Munich Security Conference

The Munich Security Conference (Die Münchner Sicherheitskonferenz) is one of the most important informal forums in the world, which discusses current political issues related to the balance of power in international relations, strengthening the system of international law and a democratic world order, “Munich Davos”.

It was founded by German publisher Ewald von Kleist in 1962.

The first conference was held in 1963 in Munich as an informal meeting of representatives of the defense departments of NATO member states to discuss the problems of the transatlantic partnership.

The conference was originally held under the auspices of the Bavarian Christian Social Union and until 1992 was called the Conference on Military Issues (Wehrkundetagung).

Since 1998, the forum has been funded by the German government from the budget of the German Ministry of Defense.

For more than 30 years, the forum was a closed intra-block event. Over time, the geographical coverage of the conference has significantly increased due to Russia (since 1995), the CIS and Baltic countries, Central and Eastern Europe, the Asia-Pacific region, South Asia, and the Middle East.

In 1998, Ewald von Kleist presided over the conference for the last time. From 1999 to 2008, this role was played by Horst Teltschik, former foreign and defense adviser to German Chancellor Helmut Kohl.

Since 2009, the conference has been chaired by Wolfgang Ischinger, a German human rights activist and former German ambassador to the United States and Great Britain.

The Munich conference was not held twice: in 1991 (because of the Gulf War) and in 1997, when the founder of the forum, Ewald von Kleist, did not want to remain “at the helm” after his 75th birthday, and it was not immediately possible to find a replacement for him.

At present, the Munich Security Conference is an international discussion forum that brings together politicians, diplomats, military personnel, businessmen, scientists and public figures from dozens of countries (NATO and EU members, as well as states that play an important role in the world arena – Russia, China, Japan , India and others).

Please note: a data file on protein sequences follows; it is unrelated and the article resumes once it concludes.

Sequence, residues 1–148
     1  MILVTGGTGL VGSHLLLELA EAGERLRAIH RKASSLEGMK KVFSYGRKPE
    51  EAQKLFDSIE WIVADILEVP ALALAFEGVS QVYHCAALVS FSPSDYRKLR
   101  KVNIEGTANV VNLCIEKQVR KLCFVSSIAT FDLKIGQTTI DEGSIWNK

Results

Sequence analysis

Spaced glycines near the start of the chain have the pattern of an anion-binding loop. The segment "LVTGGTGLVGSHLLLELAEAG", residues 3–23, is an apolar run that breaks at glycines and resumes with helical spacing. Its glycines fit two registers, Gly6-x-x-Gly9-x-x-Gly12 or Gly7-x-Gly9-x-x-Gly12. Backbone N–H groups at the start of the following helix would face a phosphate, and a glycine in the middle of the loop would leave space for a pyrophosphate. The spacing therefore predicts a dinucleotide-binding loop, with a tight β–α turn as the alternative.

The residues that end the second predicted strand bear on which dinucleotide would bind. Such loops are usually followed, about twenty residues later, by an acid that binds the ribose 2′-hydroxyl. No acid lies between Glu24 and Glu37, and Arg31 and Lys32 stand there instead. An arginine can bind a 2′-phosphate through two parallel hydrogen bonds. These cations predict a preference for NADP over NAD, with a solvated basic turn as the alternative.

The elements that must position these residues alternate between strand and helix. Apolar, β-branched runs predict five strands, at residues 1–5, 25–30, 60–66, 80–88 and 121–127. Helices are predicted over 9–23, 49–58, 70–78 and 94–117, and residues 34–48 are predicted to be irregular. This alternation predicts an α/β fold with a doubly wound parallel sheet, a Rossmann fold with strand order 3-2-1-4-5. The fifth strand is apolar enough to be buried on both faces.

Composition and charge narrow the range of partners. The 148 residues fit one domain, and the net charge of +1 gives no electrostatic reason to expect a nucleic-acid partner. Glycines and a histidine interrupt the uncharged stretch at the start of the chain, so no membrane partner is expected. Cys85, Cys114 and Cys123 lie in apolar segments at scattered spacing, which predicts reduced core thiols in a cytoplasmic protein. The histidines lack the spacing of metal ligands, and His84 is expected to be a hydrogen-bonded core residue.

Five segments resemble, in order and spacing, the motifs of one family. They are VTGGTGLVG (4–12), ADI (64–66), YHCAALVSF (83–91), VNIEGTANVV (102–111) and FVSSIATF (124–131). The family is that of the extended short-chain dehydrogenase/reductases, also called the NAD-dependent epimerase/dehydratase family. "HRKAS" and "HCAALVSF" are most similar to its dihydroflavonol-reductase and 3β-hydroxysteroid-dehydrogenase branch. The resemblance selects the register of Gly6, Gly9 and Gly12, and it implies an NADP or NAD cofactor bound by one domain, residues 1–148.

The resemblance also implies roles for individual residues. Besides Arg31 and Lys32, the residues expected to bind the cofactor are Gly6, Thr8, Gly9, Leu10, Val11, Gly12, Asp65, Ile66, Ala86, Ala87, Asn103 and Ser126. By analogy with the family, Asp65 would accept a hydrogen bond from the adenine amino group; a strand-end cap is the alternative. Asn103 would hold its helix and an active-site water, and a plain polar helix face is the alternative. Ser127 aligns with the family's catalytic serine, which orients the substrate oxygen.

The conference is held annually at the Bayerischer Hof. Communiqués and agreements are not signed in Munich, while the conference is an important and relatively neutral meeting and discussion venue for world-class politicians and diplomats.

Since 2009, the Munich Security Conference has awarded the Ewald von Kleist Prize to participants in Munich conferences who have made significant contributions to peace and conflict resolution.

The first laureate of the award was the former US President's National Security Advisor, former US Secretary of State Henry Kissinger. Also, the Kleist Prize in different years was awarded to the Spanish politician, former NATO Secretary General Javier Solana (2010), US Senator Joseph Lieberman (2012), ex-Adviser to the US President for National Security Brent Scowcroft (2013), former French President Valerie Giscard d ' Esten and the fifth Federal Chancellor of the Federal Republic of Germany Helmut Schmidt (2014), the Organization for Security and Cooperation in Europe (2015), the Executive Secretary of the UN Framework Convention on Climate Change Christiane Figueres and the French Foreign Minister Laurent Fabius (2016), the President of the Federal Republic of Germany Joachim Gauck (2017) ), US Senator John McCain (2018).